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Infection-Related Death among Persons with Refractory Juvenile Idiopathic Arthritis

Lookup NU author(s): Dr Mario Abinun, Dr Jonathan Lane, Dr Terence Flood, Emerita Professor Helen Foster



This is the final published version of an article that has been published in its final definitive form by Centers for Disease Control and Prevention, 2016.

For re-use rights please refer to the publisher's terms and conditions.


Severe infections are emerging as major risk factors for death among children with juvenile idiopathic arthritis (JIA). In particular, children with refractory JIA treated with long-term, multiple, and often combined immunosuppressive and antiinflammatory agents, including the new biological disease-modifying antirheumatic drugs (DMARDs), are at increased risk for severe infections and death. We investigated 4 persons with JIA who died during 1994-2013, three of overwhelming central venous catheter related bacterial sepsis caused by coagulase-negative Staphylococus or a-hemolytic Streptococcus infection and 1 of disseminated adenovirus and Epstein-Barr virus infection). All 4 had active JIA refractory to long-term therapy with multiple and combined conventional and biological DMARDs. Two died while receiving high-dose systemic corticosteroids, methotrexate, and after recent exposure to anti tumor necrosis factor-a biological DMARDs, and 2 during hematopoietic stem cell transplantation procedure. Reporting all cases of severe infections and especially deaths in these children is of paramount importance for accurate surveillance.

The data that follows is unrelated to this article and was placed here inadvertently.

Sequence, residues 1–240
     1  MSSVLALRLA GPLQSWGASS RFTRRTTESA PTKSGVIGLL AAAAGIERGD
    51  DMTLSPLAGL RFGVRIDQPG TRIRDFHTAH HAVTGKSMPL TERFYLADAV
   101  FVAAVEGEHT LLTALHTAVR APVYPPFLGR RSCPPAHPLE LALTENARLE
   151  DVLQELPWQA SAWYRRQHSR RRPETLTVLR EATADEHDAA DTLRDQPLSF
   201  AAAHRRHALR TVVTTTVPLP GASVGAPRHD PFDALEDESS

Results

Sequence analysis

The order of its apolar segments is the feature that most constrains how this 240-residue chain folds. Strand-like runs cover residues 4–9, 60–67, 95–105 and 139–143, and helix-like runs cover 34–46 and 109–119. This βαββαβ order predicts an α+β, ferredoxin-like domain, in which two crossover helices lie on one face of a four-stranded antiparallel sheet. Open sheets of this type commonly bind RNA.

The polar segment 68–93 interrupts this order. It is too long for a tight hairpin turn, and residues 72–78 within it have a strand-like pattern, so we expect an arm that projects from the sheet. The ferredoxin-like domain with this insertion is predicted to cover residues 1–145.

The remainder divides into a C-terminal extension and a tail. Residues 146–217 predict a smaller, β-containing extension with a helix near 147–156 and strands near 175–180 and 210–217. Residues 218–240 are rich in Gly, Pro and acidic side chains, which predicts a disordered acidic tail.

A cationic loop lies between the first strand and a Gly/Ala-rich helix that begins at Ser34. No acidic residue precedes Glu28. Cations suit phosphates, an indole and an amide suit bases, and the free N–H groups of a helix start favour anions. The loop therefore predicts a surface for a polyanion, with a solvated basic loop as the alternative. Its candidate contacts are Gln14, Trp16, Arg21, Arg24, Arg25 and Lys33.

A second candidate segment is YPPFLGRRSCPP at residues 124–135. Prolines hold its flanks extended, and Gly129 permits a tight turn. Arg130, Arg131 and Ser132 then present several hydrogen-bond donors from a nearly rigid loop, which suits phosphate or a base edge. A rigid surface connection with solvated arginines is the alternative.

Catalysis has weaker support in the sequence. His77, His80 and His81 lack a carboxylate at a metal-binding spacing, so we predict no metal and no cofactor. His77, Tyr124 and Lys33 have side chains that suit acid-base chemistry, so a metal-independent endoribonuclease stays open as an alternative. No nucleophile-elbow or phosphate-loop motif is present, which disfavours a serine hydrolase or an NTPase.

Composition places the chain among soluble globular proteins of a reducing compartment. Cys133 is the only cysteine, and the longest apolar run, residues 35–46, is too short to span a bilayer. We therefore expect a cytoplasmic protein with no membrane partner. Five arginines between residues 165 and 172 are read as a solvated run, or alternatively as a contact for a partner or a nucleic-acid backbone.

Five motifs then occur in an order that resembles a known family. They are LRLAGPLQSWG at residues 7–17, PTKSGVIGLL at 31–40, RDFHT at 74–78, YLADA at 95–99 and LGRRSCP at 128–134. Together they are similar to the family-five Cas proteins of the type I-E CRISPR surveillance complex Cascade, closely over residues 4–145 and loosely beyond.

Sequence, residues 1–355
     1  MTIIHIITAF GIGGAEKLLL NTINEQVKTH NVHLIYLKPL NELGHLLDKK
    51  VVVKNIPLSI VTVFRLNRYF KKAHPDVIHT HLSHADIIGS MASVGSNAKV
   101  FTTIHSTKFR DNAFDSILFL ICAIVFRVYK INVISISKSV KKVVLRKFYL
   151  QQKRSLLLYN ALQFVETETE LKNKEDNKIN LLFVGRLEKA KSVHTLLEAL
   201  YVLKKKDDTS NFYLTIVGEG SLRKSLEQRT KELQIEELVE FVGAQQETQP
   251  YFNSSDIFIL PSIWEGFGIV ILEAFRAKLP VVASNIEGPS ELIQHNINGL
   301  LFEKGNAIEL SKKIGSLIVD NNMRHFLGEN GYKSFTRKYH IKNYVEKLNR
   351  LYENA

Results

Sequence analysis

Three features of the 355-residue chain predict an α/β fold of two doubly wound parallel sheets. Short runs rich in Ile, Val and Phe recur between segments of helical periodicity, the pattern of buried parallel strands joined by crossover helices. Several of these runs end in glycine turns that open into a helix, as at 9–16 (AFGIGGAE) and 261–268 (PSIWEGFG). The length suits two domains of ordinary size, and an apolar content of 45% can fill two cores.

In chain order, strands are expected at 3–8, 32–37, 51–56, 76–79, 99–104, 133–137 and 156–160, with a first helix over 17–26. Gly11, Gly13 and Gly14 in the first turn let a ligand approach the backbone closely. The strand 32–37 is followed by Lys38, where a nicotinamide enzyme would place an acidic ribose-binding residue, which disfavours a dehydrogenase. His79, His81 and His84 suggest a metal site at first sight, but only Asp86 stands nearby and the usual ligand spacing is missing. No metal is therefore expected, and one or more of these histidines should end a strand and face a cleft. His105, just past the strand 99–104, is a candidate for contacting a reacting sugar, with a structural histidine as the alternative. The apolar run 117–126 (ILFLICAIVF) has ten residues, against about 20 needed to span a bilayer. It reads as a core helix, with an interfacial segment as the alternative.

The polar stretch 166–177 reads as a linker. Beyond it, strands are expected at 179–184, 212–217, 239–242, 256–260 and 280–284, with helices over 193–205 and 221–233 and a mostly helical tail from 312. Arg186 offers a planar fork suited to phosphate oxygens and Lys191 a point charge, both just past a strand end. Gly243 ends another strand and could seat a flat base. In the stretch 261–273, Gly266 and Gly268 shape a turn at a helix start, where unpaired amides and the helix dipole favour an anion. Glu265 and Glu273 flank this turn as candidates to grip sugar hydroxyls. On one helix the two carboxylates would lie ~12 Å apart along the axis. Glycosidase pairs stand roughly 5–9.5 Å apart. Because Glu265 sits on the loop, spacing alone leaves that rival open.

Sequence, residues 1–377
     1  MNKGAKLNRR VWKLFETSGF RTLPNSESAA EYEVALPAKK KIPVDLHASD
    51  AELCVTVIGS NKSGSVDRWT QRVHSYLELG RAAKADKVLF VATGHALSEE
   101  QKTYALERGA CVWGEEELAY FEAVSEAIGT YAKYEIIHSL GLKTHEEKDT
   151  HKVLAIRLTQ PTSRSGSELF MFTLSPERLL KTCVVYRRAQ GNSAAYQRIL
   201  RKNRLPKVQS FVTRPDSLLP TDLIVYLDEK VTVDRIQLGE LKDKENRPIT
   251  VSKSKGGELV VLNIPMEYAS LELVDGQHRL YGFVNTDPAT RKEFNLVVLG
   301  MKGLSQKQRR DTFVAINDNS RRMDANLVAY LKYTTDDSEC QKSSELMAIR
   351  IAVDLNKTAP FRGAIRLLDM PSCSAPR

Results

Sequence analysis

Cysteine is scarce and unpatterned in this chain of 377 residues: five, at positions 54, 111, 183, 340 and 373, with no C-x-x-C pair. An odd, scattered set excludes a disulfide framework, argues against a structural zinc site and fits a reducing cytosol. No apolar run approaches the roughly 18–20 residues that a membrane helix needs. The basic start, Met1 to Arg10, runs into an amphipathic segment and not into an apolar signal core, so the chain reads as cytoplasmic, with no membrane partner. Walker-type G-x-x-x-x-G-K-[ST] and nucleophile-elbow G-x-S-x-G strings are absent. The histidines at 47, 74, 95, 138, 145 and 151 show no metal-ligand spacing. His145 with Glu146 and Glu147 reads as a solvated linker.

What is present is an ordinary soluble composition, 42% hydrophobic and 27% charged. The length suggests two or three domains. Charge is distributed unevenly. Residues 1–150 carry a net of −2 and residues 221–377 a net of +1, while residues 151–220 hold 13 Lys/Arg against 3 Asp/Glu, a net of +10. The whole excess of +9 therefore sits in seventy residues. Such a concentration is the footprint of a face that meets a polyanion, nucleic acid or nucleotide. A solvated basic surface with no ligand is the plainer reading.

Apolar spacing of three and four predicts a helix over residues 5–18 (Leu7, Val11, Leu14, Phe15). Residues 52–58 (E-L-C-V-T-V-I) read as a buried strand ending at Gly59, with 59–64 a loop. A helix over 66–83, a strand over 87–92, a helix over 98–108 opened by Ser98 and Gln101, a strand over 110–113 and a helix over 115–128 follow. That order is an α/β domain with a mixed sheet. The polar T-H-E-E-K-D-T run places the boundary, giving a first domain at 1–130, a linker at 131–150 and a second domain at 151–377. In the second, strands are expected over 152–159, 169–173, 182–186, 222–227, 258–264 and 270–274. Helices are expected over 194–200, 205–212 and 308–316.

Publication metadata

Author(s): Abinun M, Lane JP, Wood M, Friswell M, Flood TJ, Foster HE

Publication type: Article

Publication status: Published

Journal: Emerging Infectious Diseases

Year: 2016

Volume: 22

Issue: 10

Pages: 1720-1727

Print publication date: 01/10/2016

Acceptance date: 15/09/2016

Date deposited: 01/12/2016

ISSN (print): 1080-6040

ISSN (electronic): 1080-6059

Publisher: Centers for Disease Control and Prevention


DOI: 10.3201/eid2210.151245


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Funder referenceFunder name
FSF 121301National Institute for Health Research Financial Management Group Flexibility and Sustainability Funding